16

Anyone know anything about the markings on this sword?

This is a set of photos from a student I work with. Her grandfather gave it to her and said that his grandfather gave it to him. Unfortunately grandfather is no longer with us so we can't ask him anything about it.

Sword full view

Sword holder

Sword Markings

Sword Leather

Sword Hilt

Sword Hilt

  • 2
    Do we perhaps at least know where these various grandfathers are from? – T.E.D. Mar 12 '15 at 23:25
  • 1
    Wow, that's incredible. Looks 15th or 16th century South Russia to me, maybe even Ottoman or Caucasian, but that is just a sheer guess. Could be very valuable. – Tyler Durden Mar 12 '15 at 23:28
  • If you could provide a closeup of the pommel that would be useful. – Tyler Durden Mar 12 '15 at 23:37
  • I will guess 18th century Ottoman, but we really need an expert to figure it out for sure. If this guess is right, it might be worth $200 to $300. – Tyler Durden Mar 13 '15 at 0:05
  • @TylerDurden - How do you figure? Everything I've been able to dig up about Ottoman swords shows them curved. Same for Russian swords after roughly the 14th century. – T.E.D. Mar 13 '15 at 2:04
28

A tuareg takooba sword, maybe

Scabbard and half-moon markings on the blade are reasonably similar to a tuareg takooba sword shown on antiqueswordsonline. See images below: note that the half-moon markings appear at the same place as on the sword above, where the two outer fullers (grooves) end.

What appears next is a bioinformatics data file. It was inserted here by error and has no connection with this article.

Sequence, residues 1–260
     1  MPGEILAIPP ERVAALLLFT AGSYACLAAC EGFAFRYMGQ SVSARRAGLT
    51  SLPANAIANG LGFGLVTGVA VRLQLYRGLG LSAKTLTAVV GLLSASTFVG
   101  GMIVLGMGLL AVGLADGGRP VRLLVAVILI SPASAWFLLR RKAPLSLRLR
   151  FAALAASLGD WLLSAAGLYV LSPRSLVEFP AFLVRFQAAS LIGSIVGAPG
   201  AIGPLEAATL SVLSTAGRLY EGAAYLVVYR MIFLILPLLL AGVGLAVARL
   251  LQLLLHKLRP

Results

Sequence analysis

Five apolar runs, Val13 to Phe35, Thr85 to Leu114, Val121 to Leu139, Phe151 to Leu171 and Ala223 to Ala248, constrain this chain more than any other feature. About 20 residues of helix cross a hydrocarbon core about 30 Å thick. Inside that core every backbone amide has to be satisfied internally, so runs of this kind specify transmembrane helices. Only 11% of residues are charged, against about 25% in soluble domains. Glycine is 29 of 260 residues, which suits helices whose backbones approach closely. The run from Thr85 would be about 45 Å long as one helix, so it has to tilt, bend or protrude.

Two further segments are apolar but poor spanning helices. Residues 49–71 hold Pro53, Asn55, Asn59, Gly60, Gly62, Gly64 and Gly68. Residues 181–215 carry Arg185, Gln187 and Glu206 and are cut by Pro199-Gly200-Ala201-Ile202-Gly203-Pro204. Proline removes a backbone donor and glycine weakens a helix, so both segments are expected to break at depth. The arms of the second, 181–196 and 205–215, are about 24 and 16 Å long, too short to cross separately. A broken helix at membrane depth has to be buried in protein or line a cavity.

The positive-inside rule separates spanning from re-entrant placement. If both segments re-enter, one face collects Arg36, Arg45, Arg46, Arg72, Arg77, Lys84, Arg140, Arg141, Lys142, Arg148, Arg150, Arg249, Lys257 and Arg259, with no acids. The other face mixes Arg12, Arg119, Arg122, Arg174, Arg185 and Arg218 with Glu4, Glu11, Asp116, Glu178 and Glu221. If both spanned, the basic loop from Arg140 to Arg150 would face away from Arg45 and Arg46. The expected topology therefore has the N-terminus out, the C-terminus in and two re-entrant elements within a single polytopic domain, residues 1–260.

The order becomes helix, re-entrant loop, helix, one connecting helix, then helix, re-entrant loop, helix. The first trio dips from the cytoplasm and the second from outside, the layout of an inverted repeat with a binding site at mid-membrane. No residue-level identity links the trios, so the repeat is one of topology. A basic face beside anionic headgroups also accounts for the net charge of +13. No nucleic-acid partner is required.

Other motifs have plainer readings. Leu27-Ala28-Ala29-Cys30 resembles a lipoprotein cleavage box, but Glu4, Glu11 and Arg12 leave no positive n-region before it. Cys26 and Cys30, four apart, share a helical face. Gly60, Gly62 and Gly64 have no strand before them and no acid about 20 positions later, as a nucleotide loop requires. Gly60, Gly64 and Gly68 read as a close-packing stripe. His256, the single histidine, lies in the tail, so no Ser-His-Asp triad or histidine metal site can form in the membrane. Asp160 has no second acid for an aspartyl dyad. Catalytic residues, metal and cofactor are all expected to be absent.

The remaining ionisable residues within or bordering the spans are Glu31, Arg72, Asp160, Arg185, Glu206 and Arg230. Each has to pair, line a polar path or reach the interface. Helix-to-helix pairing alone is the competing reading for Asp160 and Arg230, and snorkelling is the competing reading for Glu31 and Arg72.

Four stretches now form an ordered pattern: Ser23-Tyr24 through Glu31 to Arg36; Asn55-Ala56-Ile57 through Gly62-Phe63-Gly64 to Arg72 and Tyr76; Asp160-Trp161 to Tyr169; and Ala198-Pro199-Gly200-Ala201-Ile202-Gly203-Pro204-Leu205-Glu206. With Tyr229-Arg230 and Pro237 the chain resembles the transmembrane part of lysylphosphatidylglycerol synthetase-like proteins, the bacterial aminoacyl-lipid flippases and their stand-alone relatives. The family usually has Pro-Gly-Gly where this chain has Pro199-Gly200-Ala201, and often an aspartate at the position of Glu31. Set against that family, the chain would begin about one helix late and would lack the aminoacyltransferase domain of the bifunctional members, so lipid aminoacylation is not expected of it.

From a general description:

"The typical blade tapers, especially distally, to a rounded point. The edges may be irregular from repeated sharpening, especially toward the tip. The method of sharpening leaves a roughly striated appearance on the flats of the blades adjacent to the edges [...] the usual narrow central fullers (grooves) running parallel to the length of the blade from the hilt often appear to be ground, having striations, and sometimes do not show the degree of pitting and irregularities otherwise characterizing the rest of the surface. The typical blade will have three such fullers, the central being longer than those on either side." (Takouba ~ Swords of the Saharan Tuareg - This site also has more images and of various types of takoobas and further references)

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  • 5
    The first picture showing the same three blade lines and two squiggles in a semicircle looks pretty darn definitive to me. – T.E.D. Mar 13 '15 at 17:37
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    From the link, apparently Tuareg warriors have an aversion to touching metal, which explains why not only the hilt but the guard as well appear to be wrapped in leather. – T.E.D. Mar 13 '15 at 17:42
1

I submitted the photos to a dealer and he said the sword is, as Mario Elocio said, of North African make. He said it was made sometime between 1900-1950 and would be worth $100 to $200 on eBay.

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